Legal rights

Introduction

This is a short guide to your legal rights depending on your employment status.


Employees

An employee has the legal right to:

  • a Written Statement – this must be provided within two months of beginning the employment
  • Maternity/Parternal Leave and Pay, Adoption Leave and Pay and Paternity Leave and Pay, Antenatal care
  • time off to care for dependants
  • request time off to undertake study or training is introduced for employees working in companies who have an average of 250+ employees  
  • protection against unfair dismissal
  • a fair disciplinary and dismissal policy
  • grievance procedure at work
  • Statutory Redundancy Pay
  • time off for public duties e.g. magistrate duties; for Trade Union activities
  • a Stakeholder pension (if the employer has more than 5 employees)
  • an itemised pay statement

plus those rights that a Worker has below

As of 1 October 2011, Agency workers in Great Britain have the right to 'equal treatment' in certain areas of their employment. It will give certain 'Agency workers' rights to equal treatment for  pay, working hours, night work, rest breaks, paid holidays; paid time off for ante-natal appointments; the right to apply for internal vacancies and access internal facilities; and give them limited unfair dismissal rights in relation to the Regulations.

NB: Often employers will give benefits/terms to employees that are more generous than the legal minimum entitlements.


Workers

A worker is entitled to core employment rights including the right to:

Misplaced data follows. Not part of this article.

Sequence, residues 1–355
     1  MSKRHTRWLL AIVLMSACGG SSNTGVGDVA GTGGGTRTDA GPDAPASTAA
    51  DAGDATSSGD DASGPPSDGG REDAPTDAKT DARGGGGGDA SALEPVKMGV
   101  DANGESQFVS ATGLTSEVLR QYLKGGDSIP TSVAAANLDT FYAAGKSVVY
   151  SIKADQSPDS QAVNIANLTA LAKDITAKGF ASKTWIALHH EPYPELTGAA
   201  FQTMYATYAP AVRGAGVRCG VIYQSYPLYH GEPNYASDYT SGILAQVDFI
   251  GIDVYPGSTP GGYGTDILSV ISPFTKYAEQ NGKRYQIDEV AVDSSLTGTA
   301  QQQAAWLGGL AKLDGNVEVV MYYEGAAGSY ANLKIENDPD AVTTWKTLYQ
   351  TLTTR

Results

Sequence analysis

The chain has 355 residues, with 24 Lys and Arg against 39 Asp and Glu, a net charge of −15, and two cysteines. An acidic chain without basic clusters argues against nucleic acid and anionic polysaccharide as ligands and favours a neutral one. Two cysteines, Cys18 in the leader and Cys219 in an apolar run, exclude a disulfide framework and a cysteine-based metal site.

• receive the National Minimum Wage
  • protection against unlawful deduction from wages
  • a minimum period of paid holiday (annual leave) under the Working Time Directive
  • minimum length of rest breaks under the Working Time Directive
  • not work more than 48 hours on average per week or to opt out of this right if you choose
  • protection against unlawful discrimination (including less favourable treatment on the grounds of part-time status)
  • protection for 'whistleblowing' (reporting wrongdoing in the workplace)
  • Statutory Maternity, Paternity or Adoption Pay (NB - not leave)
  • Statutory Sick Pay
  • not be discriminated against unlawfully on grounds or race, sex, marriage/civil partnerships, maternity/pregnancy, disability, gender reassingment, sexual orientation, age, religion or belief and to receive equal pay (with members of the opposite sex if you can show they are doing similar work of equal value)
  • protection against discrimination for membership or non-membership of a Trade Union

Self-employed (freelancer)

They will not be entitled to:

  • company’s sick leave, company maternity pay or company pension provisions
  • the legal right to protection under internal disciplinary and grievance schemes
  • the legal right not be dismissed (however, the contract of service should contain clauses relating to termination of the agreement and time-periods)
  • statutory rights such as unfair dismissal and redundancy pay

There is, however, legal protection so:

  • they should not be discriminated against in the work place and, if they are, they could make a claim to an Employment Tribunal. This protection only applies to freelancers who fall under Part 5 of the Equality Act 2010 – that is those who are described as 'contract workers' and are contracted personally to do the work i.e. they cannot claim discrimination against the employer if they are contracted for the provision of services and hire someone else, or sub-contract someone else, to do the work – they must do the work themselves
  • they are entitled to a Safe and Healthy working environment (as above)
  • they should be paid for the work that they have done